Gone phishing… how to spot the scam -TEISS® : Cracking Cyber Security
Jake Moore, Cybersecurity Expert at ESET UK advises us on how to stay ahead of the scammers in the age of cyber deception.
It’s week three of European Cyber Security week, and this week is focused on how to identify deceiving content – a very important skill when staying safe online and keeping your cash in your pocket.
Being conned out of cash is unfortunately not a new concept. Scam artists have been tricking people out of their hard earned cash for centuries, but it’s only within the last 10 years or so that we have seen this shift to the internet. Not only is this crime still happening, but the speed, convenience and anonymity of the internet has made it an even bigger threat.
Scams that use the internet, known as cyber enabled crime, use the same method as before – the art of manipulation. Social engineering is the latest phrase to cause intrigue: it is a powerful tool offering the ability to manipulate people using cyber-crime and psychology.
“Cyber-psychology is the study of the human mind and its behaviour in the context of human interaction and communication of both man and machine, further expanding its bounds with the culture of computers and virtual reality that take place on the Internet” – Wikipedia
When it comes to conning someone on the internet, it can be frightfully simple. Techniques such as creating a duplicate site that looks genuine can lower the guard of a victim who then intentionally types in sensitive information, such as card details or a password.
More targeted scams such as ‘spear phishing’ require personal information to target victims without suspicion. Using information found on the internet, scammers are able to act as a friend or a familiar entity and send a convincing but fraudulent message to their target, manipulating their way in.
Real-world hustlers have proved to be excellent psychologists. They have identified these patterns and principles before anyone else. These behavioural patterns are not just ideal opportunities for scams and criminal activity, but also reveal the security weaknesses of “the human element”. This highlights a potential risk for any system, especially for businesses.
Also of interest: Smishing and the evolving social engineering threat
So how do they work?
Distraction is at the heart of many fraud scenarios. Street cons are referred to as ‘misdirection’, but in fact, a better term could possibly be ‘distraction.’ The audience will always follow the thing that is offering the most interest. If their focus wanders then the illusion is lost. This is exactly how distraction scams work and these can be delivered using the internet with ease.
Even very private and suspicious people will let their guard down without thinking sometimes… Just think… if a TV production company researcher emailed you and said: “Hi! We love what you are doing and we need someone like you to be part of a documentary we are making for ITV, are you interested?” Boom! Your guard is down whilst you think about what you will wear on national telly. The next minute, you’re downloading a “declaration form” which turns out to be ransomware extorting your company for a couple of BitCoin!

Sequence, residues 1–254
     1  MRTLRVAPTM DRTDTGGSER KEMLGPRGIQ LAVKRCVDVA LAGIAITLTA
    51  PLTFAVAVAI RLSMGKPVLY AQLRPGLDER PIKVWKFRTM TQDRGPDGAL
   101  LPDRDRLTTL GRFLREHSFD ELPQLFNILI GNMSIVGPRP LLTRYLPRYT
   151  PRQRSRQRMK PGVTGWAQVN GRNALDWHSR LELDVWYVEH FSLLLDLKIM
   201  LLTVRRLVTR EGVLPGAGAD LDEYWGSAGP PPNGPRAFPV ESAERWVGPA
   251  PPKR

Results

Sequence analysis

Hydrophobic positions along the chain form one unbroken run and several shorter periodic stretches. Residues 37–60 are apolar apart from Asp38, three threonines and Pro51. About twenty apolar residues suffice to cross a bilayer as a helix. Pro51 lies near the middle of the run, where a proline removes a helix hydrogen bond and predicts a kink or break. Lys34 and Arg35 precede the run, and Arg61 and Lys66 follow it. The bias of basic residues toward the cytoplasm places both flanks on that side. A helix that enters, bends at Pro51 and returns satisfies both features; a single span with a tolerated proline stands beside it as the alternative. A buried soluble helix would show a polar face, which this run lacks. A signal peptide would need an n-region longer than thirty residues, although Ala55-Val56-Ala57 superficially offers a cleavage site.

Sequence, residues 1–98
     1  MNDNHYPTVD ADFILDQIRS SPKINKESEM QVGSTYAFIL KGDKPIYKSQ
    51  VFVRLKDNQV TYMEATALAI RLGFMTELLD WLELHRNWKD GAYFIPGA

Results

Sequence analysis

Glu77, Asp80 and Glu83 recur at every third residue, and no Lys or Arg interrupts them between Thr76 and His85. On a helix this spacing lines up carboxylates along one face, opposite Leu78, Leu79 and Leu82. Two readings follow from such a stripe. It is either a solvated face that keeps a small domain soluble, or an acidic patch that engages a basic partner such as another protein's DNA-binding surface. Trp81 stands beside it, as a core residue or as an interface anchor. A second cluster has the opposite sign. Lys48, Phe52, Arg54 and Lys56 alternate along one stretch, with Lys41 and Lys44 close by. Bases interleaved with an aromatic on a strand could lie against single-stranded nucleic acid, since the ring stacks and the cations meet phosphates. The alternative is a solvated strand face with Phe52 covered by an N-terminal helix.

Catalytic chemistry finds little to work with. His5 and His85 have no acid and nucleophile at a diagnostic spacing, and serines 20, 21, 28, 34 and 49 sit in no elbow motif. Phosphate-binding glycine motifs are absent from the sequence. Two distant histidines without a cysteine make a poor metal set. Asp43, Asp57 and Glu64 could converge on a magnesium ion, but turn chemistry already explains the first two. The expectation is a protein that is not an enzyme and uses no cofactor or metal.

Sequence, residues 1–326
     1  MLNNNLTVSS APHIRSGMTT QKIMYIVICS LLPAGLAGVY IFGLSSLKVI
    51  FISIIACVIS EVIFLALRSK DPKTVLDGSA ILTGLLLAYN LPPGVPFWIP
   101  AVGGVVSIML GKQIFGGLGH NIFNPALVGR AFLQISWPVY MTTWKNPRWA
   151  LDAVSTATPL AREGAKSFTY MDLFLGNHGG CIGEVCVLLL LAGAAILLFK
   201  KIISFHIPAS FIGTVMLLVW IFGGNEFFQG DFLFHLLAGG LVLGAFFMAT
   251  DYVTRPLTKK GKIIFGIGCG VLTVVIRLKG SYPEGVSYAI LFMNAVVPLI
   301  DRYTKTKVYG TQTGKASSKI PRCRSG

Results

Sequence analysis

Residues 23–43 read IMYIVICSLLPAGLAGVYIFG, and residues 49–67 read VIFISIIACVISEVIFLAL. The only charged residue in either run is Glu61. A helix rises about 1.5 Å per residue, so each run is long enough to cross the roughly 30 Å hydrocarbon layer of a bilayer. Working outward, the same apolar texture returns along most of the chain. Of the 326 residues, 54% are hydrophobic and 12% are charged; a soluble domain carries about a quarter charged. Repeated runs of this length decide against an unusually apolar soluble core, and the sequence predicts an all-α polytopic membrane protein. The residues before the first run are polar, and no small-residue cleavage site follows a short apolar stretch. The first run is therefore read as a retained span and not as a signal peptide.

Also of interest: Refusing to invest in cyber security: is the NHS making a big mistake?
In the past, I have been asked to see if I could hack into an email address (ethically of course) at a local Digital Innovation Show on stage in Bournemouth. I thought it would be fun to start by engineering my target’s passwords by trying my luck on his personal information such as his daughter’s name and football team (which by the look of his face, I am sure it was the football team!).
Anyway, I didn’t have too much time to play with alternatives such as “.1” at the end of them so I headed over to his “security questions” by ‘forgetting his password’ which included the name of his first school and the make and model of his first car. As you can imagine, these weren’t too difficult to find. In fact, I came out and asked the guy six weeks prior what his first car was knowing that I would need it on stage.
So, back at the show, within minutes of entering these answers, I was given access to change his password to something brand new which would give me full control. I didn’t fill in this entry as that would be committing a computer misuse act, but being offered this opportunity in front of him made him worry. A lot. Funnily enough, he actually told me afterwards that he thought I in fact had hold of his Google search history so was relieved!
The psychology behind a cyber-attack reverts back to simplicities. Reduce the suspicion and a hacker will be in before you have had a chance to make your morning coffee. Social engineering proves this in multiple ways on YouTube and you will be shocked at how easy it is.
So how can you avoid being a victim, like my poor target on stage? Change your passwords so that they are all unique, very long and avoid using anything that could be guessed or expected – steer away from birthdays of loved ones, for example. Download a robust password manager and implement two factor authentications on all accounts where possible. And always be aware of the golden rule on the internet: ‘if it sounds too good to be true, it probably is.’